“Town” finds Lumet at his most expressive and illustrates a movement toward a somewhat bolder compositional style. Many of his images here (above and below, for instance) are more painterly than anything attempted in “The Mechanical Heart” or “One Mummy Too Many.” Lumet orchestrates complex crowd scenes, photographing some with a bird’s-eye camera, all of which must have given Herbert Brodkin fits. The episode’s nighttime setting all but compelled Lumet toward dramatic extremes of light and shadow. Lumet illuminates the lynch mob finale in part with the actual headlights of the vigilantes’ automobiles. Earlier, amid the harsh blacks and whites, there is one moment where Lumet flouts half a dozen tenets of television lighting and achieves a backlit effect unlike anything I’ve observed in a kinescope (or even a filmed episode).
During his climactic speech (“you’re all pigs”), Bridges begins to demolish the scenery – literally – carrying his intensity beyond the level upon which he and Lumet had agreed during rehearsals. But Lumet has built the tension so effectively to this point that “Town” can withstand such a volcanic release. As in some of Lumet’s other Alcoa/Goodyears, the supporting cast appears to be working in a different register – more detailed, more restrained, consciously (even self-consciously) resisting obvious choices. At first I had a hard time figuring out why Milton Selzer, usually one of Lumet’s underplaying ringers, is so atypically twitchy in as one of the nastier vigilantes. Then it occurred to me that actor and director probably agreed that Selzer should play the character as a closeted or self-hating homosexual – something that’s not in the text at all, and only perceptible one screen if you’re looking for it. Jack Warden, quietly upstaging Bridges, plays the lynch mob leader with a maddening calm and a visible irritation towards the more voluble hotheads. There’s a moment where Warden’s character asserts his authority by placing a hand on Beggs’s chest; Bridges casually removes it and Warden barely reacts. The gesture tells volumes about both characters: they will not lose their cool over unimportant things.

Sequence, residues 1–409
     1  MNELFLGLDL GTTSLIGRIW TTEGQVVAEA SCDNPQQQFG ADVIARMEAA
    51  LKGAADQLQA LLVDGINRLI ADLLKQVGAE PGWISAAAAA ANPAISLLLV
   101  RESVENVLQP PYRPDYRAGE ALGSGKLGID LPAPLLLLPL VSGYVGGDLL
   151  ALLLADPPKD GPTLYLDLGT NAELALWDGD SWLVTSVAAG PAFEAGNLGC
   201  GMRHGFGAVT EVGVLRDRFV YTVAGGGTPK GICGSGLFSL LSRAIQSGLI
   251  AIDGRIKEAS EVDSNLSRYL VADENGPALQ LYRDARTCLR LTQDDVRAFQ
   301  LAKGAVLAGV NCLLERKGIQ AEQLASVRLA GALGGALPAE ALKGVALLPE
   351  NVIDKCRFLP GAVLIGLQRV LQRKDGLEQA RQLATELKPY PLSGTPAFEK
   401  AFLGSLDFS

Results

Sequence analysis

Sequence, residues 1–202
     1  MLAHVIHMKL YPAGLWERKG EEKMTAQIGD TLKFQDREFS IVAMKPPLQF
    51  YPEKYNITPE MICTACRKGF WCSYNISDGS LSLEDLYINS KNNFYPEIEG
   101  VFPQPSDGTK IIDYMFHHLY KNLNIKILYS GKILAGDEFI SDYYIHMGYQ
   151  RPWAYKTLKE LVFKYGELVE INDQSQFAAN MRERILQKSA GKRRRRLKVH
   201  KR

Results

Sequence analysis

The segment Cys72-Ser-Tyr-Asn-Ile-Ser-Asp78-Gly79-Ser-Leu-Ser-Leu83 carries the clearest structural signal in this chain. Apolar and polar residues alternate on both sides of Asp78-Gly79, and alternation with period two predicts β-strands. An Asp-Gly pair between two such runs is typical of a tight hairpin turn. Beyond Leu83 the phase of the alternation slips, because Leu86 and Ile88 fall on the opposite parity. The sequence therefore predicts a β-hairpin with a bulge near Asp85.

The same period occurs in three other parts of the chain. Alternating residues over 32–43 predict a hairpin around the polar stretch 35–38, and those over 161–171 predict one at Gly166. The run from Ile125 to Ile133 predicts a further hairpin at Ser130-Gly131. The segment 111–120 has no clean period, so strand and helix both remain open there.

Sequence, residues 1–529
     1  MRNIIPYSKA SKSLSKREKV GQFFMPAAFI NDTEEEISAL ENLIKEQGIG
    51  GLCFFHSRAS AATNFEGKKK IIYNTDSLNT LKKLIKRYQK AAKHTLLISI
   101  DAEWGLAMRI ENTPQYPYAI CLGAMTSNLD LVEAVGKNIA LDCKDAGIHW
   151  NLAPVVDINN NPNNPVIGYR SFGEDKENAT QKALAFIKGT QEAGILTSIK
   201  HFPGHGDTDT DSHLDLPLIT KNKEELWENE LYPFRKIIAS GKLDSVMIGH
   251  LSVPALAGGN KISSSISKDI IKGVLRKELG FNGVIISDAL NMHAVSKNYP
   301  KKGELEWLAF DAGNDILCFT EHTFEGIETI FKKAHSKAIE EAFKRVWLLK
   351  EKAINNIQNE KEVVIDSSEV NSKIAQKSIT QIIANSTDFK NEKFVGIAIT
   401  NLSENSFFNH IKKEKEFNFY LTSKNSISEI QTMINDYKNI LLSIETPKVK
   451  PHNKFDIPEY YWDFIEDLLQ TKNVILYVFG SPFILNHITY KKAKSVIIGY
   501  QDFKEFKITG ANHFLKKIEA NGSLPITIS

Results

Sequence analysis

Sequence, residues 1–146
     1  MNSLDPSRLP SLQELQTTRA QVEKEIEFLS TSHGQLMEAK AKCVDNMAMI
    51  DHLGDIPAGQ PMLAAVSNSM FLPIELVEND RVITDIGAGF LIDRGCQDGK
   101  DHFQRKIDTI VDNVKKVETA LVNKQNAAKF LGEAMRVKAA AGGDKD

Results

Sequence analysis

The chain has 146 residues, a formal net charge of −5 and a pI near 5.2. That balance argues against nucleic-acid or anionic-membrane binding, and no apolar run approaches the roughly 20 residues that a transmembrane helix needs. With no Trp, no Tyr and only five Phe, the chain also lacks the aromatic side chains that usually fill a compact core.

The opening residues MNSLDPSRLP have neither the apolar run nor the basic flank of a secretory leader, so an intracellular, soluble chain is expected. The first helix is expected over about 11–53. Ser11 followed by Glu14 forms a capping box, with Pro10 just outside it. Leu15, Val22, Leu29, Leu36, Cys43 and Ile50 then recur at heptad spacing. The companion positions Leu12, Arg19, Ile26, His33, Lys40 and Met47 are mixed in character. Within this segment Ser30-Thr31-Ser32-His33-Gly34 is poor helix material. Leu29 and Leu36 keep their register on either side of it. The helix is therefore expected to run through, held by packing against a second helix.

“Town” offers the clearest examples of Lumet’s strategy of expressing concise ideas through concrete filmmaking choices. His control extends beyond acting and camera movement all the way down into costuming and sound design. One of my favorite elements in “Town” is the baggy black V-necked sweater that Warden wears; a good fit for Kim Novak’s Bell Book and Candle closet, it’s the absolute opposite of what you’d expect a redneck brute to be caught dead in. The earlier Alcoa-Goodyear segments are marred by cliched symphonic scores (by Glenn Osser, moonlighting as “Arthur Meisel”); in “Town” Lumet, weaned on Tony Mottola’s minimalist guitar scores for Danger, managed to banish Meisel and eschew almost all musical accompaniment. For much of “Town,” the only background noise is the ambient sound of crickets. The most powerful element of the final image, in which Beggs’s son carries off the maimed boy, is its utter silence.
Note Milton Selzer’s effeminate gesture (center), and Jack Warden’s sweater (right).
“People always think that the smaller a thing is, the simpler it is. It is quite the reverse.”
– Sidney Lumet, in a 1965 interview with Robin Bean